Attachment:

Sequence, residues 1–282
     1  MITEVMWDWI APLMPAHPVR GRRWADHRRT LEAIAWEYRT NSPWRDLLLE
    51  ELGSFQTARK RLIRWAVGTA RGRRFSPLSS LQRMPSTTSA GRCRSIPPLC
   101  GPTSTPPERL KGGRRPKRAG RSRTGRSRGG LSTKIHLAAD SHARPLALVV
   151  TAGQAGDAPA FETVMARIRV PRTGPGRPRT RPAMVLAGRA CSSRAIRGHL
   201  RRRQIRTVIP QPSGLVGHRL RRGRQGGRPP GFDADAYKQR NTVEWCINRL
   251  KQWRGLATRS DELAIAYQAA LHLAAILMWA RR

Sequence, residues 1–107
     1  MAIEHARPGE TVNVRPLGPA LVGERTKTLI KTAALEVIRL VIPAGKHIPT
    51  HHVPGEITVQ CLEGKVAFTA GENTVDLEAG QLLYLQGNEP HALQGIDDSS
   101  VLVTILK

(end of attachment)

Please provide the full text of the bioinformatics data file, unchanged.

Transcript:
Sequence, residues 1–282
     1  MITEVMWDWI APLMPAHPVR GRRWADHRRT LEAIAWEYRT NSPWRDLLLE
    51  ELGSFQTARK RLIRWAVGTA RGRRFSPLSS LQRMPSTTSA GRCRSIPPLC
   101  GPTSTPPERL KGGRRPKRAG RSRTGRSRGG LSTKIHLAAD SHARPLALVV
   151  TAGQAGDAPA FETVMARIRV PRTGPGRPRT RPAMVLAGRA CSSRAIRGHL
   201  RRRQIRTVIP QPSGLVGHRL RRGRQGGRPP GFDADAYKQR NTVEWCINRL
   251  KQWRGLATRS DELAIAYQAA LHLAAILMWA RR

Sequence, residues 1–107
     1  MAIEHARPGE TVNVRPLGPA LVGERTKTLI KTAALEVIRL VIPAGKHIPT
    51  HHVPGEITVQ CLEGKVAFTA GENTVDLEAG QLLYLQGNEP HALQGIDDSS
   101  VLVTILK